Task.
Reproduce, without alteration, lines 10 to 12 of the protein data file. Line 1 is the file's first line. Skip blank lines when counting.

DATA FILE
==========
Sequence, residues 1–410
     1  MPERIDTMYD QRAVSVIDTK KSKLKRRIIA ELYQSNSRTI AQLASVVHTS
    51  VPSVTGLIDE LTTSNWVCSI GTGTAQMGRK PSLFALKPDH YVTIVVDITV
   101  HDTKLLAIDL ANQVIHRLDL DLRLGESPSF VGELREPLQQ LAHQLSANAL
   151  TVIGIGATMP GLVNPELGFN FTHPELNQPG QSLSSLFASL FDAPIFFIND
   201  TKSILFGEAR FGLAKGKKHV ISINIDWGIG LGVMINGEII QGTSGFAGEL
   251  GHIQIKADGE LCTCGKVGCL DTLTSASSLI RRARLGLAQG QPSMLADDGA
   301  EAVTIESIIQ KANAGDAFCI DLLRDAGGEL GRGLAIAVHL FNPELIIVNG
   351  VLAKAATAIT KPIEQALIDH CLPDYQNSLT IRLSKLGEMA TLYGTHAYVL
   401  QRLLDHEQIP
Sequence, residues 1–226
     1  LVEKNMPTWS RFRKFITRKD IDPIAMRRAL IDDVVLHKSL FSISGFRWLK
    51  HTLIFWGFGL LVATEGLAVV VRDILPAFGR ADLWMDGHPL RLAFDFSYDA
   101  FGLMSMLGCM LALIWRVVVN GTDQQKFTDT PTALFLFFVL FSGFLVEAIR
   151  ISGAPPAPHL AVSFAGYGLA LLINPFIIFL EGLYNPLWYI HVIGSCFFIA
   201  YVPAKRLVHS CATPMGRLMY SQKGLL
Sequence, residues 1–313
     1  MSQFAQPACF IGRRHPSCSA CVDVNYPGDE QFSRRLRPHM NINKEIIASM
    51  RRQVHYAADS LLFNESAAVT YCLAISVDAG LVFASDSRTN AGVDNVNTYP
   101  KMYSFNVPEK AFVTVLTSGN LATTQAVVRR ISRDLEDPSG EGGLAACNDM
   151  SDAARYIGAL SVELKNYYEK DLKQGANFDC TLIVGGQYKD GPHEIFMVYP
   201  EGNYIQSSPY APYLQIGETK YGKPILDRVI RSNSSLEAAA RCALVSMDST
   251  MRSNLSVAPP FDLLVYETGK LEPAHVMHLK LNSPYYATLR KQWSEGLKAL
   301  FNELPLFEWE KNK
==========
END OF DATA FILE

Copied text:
   401  QRLLDHEQIP
Sequence, residues 1–226
     1  LVEKNMPTWS RFRKFITRKD IDPIAMRRAL IDDVVLHKSL FSISGFRWLK